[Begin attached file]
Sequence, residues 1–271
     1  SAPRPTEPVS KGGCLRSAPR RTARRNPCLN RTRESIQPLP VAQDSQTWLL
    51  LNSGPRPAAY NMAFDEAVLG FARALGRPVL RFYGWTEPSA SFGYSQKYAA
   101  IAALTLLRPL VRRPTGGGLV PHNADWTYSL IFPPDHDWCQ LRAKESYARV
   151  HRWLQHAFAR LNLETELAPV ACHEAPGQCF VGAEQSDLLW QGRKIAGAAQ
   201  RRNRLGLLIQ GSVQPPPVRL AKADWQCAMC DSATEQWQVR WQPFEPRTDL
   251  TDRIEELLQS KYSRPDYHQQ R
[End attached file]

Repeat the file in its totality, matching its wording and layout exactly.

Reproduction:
Sequence, residues 1–271
     1  SAPRPTEPVS KGGCLRSAPR RTARRNPCLN RTRESIQPLP VAQDSQTWLL
    51  LNSGPRPAAY NMAFDEAVLG FARALGRPVL RFYGWTEPSA SFGYSQKYAA
   101  IAALTLLRPL VRRPTGGGLV PHNADWTYSL IFPPDHDWCQ LRAKESYARV
   151  HRWLQHAFAR LNLETELAPV ACHEAPGQCF VGAEQSDLLW QGRKIAGAAQ
   201  RRNRLGLLIQ GSVQPPPVRL AKADWQCAMC DSATEQWQVR WQPFEPRTDL
   251  TDRIEELLQS KYSRPDYHQQ R